Are we not all brothers Drop ultra-religious myths

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The prime minister has been meeting Conservative and Reform leaders in an effort to find a creative solution to the controversy surrounding possible changes in the conversion law.

These meetings come against the background of troubling acts of violence by the haredim against Jews who do not believe as they do. Recent calls to violence can no longer be dismissed as the words of a few fringe radicals.

Some key haredi leaders have called upon their followers to banish Conservative and Reform Jews from Israel.

Haim Miller, deputy mayor of Jerusalem, was quoted as saying, "Everyone to whom the integrity of the Jewish people matters must struggle to see that the Conservative Jews have no place in Israel."

A recent ad in a major Israeli paper called Conservative Jews a Satanic cult and worshippers of Baal. It cited halachic decisions permitting our murder because of our opinions. The ad was signed by members of all the major Orthodox rabbinical bodies.

The threat is real. Such statements set the stage for the vicious attack by hundreds of haredim on those of us who sought to pray in an egalitarian minyan at the Western Wall on Shavuot.

A number of myths propagated by the haredi world are misleading, even dangerous.

Myth: The only correct understanding of the Torah is the Orthodox interpretation.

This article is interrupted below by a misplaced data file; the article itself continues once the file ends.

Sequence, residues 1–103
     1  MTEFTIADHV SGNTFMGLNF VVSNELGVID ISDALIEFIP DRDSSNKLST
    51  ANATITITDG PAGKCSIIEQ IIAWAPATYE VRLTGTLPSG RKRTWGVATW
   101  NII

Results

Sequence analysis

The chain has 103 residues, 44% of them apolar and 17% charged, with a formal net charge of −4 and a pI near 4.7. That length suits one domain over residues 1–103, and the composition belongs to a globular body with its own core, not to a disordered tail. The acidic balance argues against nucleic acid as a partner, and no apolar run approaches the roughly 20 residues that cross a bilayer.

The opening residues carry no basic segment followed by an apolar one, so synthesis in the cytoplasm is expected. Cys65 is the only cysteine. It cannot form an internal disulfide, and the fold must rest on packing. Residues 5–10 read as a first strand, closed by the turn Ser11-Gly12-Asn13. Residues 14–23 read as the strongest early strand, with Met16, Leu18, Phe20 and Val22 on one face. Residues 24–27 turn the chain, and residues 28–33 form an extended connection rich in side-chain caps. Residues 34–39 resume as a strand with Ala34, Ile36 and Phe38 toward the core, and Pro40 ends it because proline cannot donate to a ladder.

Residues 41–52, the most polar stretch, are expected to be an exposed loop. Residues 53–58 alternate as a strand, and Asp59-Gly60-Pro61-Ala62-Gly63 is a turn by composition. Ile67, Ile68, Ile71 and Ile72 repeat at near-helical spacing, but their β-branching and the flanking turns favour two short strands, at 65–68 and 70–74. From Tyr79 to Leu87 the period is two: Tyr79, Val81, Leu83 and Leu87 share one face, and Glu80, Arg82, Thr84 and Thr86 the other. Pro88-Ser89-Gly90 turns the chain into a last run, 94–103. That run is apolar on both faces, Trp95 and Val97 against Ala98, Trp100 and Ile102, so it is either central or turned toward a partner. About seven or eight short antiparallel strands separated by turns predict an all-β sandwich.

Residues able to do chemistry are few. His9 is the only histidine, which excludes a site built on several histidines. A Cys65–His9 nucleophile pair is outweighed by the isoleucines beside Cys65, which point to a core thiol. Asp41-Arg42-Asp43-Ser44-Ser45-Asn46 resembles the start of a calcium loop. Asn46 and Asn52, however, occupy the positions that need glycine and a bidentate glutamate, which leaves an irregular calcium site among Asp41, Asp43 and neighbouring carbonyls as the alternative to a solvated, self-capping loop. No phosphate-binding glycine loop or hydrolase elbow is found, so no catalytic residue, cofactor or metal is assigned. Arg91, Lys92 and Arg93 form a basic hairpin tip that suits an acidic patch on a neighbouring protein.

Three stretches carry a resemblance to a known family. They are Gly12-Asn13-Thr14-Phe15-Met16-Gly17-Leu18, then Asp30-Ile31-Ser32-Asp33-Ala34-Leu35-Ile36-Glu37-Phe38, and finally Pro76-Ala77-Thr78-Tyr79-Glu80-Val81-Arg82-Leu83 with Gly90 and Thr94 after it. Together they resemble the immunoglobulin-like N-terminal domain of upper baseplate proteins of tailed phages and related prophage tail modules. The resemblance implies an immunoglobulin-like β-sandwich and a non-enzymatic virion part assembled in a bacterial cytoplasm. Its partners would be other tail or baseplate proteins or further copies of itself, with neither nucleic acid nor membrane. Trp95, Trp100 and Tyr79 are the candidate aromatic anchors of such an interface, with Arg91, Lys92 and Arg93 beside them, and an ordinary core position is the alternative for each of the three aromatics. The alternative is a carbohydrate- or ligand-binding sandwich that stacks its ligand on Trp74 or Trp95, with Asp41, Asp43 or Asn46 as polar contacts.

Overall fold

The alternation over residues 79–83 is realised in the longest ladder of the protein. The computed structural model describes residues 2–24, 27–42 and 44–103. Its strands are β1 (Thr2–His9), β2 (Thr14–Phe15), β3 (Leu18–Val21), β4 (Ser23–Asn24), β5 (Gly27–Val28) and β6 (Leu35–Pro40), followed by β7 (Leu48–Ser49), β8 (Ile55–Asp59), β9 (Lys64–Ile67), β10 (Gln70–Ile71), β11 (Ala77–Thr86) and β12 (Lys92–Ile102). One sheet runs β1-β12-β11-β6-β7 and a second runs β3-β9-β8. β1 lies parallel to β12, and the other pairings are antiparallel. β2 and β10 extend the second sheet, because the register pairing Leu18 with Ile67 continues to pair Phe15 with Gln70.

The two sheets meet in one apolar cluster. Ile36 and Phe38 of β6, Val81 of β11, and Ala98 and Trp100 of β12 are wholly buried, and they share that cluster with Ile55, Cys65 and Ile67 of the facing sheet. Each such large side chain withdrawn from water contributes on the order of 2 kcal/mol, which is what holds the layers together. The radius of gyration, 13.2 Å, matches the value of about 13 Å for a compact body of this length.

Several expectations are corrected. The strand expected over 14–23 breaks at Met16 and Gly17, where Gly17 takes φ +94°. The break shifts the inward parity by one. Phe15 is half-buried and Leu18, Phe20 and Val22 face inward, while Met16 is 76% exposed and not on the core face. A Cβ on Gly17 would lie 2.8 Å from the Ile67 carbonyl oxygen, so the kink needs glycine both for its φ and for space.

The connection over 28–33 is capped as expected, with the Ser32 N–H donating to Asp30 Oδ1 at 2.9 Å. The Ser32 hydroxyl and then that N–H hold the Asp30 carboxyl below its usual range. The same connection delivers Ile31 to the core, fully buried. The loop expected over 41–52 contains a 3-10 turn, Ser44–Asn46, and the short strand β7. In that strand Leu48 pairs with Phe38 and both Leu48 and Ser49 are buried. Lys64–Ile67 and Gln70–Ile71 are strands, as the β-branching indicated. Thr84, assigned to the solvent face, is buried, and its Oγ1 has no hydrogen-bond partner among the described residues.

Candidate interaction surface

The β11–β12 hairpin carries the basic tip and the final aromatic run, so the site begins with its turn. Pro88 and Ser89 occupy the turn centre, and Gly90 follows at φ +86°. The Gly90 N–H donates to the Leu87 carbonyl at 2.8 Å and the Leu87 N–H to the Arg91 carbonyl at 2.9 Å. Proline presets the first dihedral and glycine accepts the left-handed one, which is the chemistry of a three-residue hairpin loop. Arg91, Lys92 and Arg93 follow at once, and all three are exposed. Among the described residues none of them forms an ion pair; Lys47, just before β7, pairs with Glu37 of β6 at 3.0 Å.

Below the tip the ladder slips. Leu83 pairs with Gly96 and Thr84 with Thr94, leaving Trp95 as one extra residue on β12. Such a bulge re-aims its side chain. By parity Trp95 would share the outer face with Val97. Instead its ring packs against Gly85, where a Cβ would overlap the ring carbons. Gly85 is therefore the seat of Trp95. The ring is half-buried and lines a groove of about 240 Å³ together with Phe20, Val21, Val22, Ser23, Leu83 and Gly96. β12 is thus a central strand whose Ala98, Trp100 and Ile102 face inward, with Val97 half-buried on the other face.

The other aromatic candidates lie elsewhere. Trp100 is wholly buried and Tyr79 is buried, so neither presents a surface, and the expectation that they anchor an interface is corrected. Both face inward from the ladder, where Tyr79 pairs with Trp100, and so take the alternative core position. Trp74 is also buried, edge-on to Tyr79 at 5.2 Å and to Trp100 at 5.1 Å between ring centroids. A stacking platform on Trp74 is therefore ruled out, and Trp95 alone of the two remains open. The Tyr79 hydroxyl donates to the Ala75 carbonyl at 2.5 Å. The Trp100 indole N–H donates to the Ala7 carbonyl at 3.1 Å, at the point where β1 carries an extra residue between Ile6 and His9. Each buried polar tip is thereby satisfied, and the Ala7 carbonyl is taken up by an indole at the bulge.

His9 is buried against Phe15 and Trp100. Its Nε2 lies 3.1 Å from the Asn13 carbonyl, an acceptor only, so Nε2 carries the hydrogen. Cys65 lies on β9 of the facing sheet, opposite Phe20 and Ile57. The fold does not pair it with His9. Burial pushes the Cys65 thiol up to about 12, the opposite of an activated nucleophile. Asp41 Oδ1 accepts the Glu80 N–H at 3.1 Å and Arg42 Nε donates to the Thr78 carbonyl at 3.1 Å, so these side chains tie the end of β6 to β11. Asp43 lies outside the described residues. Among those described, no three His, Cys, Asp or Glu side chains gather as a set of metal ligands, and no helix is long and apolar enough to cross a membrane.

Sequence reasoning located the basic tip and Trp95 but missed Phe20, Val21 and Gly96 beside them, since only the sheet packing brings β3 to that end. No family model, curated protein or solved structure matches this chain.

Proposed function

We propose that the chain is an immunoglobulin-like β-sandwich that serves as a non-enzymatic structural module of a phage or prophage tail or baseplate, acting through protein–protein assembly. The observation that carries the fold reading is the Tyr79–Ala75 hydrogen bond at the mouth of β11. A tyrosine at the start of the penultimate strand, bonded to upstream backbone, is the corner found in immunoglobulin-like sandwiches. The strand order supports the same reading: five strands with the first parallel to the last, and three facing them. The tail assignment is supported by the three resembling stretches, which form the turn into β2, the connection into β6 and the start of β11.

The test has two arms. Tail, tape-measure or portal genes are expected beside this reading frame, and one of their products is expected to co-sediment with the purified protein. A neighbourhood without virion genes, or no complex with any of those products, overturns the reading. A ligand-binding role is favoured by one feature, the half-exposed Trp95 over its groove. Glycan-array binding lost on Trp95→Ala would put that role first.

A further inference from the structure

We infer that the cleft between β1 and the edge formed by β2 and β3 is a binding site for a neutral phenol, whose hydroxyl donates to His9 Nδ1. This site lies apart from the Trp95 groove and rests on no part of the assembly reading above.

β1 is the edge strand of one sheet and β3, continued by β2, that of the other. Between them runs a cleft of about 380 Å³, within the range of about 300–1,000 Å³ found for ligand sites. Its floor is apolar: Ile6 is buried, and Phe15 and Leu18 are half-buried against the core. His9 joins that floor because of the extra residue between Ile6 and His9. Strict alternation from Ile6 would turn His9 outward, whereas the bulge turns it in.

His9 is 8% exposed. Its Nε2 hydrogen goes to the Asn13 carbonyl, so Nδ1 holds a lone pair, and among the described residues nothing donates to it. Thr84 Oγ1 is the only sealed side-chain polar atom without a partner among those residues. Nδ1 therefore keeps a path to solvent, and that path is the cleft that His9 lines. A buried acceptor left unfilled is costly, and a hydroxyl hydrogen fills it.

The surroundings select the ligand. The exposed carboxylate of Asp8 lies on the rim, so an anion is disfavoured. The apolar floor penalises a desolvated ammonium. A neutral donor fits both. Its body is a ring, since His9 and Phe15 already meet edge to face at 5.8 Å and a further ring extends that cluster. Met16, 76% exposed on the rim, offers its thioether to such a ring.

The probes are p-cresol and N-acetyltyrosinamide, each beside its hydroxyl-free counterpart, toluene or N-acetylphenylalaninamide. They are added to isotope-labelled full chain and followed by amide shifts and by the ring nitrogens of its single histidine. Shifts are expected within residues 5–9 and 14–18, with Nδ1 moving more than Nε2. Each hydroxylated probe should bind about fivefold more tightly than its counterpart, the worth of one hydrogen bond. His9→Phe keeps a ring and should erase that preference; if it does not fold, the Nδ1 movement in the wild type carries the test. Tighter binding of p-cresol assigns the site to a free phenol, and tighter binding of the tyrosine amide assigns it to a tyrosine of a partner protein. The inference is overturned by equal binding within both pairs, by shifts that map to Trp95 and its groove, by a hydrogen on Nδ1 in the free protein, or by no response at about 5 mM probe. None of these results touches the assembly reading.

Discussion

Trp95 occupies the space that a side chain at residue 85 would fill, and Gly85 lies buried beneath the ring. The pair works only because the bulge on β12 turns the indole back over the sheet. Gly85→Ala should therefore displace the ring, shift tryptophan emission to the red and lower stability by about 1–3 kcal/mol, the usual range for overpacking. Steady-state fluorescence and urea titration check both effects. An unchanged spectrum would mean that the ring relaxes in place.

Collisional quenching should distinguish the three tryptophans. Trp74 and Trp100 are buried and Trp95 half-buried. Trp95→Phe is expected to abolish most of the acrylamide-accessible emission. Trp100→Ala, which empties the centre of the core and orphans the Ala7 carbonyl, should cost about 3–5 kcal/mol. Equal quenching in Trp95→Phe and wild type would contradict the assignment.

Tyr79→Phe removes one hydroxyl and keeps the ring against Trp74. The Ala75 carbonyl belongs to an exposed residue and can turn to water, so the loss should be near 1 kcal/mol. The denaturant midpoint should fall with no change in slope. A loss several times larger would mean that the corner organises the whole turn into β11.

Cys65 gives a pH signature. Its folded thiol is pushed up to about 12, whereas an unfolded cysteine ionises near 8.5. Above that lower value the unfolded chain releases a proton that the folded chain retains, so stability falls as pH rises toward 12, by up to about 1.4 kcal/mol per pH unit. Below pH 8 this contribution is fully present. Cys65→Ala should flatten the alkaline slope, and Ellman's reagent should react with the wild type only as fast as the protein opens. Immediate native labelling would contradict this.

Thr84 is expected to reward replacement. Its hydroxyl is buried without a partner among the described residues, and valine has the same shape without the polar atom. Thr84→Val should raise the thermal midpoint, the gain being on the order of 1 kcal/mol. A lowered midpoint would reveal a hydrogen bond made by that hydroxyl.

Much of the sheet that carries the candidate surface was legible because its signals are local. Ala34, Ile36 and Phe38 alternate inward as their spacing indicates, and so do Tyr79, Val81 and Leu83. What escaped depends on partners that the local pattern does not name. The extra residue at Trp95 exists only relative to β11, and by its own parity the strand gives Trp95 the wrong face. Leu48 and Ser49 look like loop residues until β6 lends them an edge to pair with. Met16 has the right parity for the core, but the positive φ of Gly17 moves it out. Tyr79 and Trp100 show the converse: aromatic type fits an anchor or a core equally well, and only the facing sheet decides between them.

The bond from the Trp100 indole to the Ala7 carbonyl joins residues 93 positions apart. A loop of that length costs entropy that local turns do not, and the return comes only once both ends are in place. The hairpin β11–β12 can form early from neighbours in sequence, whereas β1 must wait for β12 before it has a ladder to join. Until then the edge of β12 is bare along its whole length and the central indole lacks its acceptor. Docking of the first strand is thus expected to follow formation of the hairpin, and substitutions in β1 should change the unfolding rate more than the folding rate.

Truth: The Talmud and Midrash teach that there are "70 faces to the Torah" (i.e., an unlimited number of interpretations). Each is "the words of the living God."

Myth: Praying at the Wall was a provocative act.

Truth: We chose a spot way off to the side and at the rear of the Western Wall plaza so as not to offend others.

One might term the gathering of Jews outside the Moscow synagogue on Simchat Torah in years past "provocative," or the illegal immigration of Jews to Palestine during the British Mandate, or the refusal of American blacks to sit in the back of buses.

Yet all these acts were the fulfillment of the biblical injunction to "pursue justice."

Myth: Haredi violence is perpetrated by a few unruly youngsters.

Truth: The garbage hurled at us on Shavuot and the obscenities screamed came from students of the Porat Yosef yeshiva, one of Israel's most prestigious yeshivas. Even after the filing of a criminal complaint, no apology has been forthcoming.

The attacking mob consisted of hundreds. No haredi leaders tried to restrain their followers.

Myth: The Torah belongs to the Orthodox.

Truth: The Torah, and all our Holy Books, are the rightful property of all Jews, for all of us stood together at Sinai.

Myth: Women are prohibited from reading from the Torah.

Truth: The Talmud explicitly states that women may, in theory, be called to the Torah (Megillah, 23A).

Myth: Women are prohibited from donning tefillin.

Truth: The Midrash and other sources tell us that Michal, daughter of King Saul, put on phylacteries. So did Rashi's daughter.

Myth: The Jewish people cannot live together in peace with such widely diverging approaches.

Truth: The followers of Rabbis Hillel and Shammai not only lived together, but also married one another.

Myth: Only Orthodox rabbis may perform a valid conversion.

Truth: The codes rule that even a conversion performed by three laypersons is valid.

It's time to separate fact from fiction. I call upon the haredi leadership to sit down with us in the spirit of brotherhood and find a common language in which to dialogue — so that, in the spirit of Aaron, we become pursuers of peace.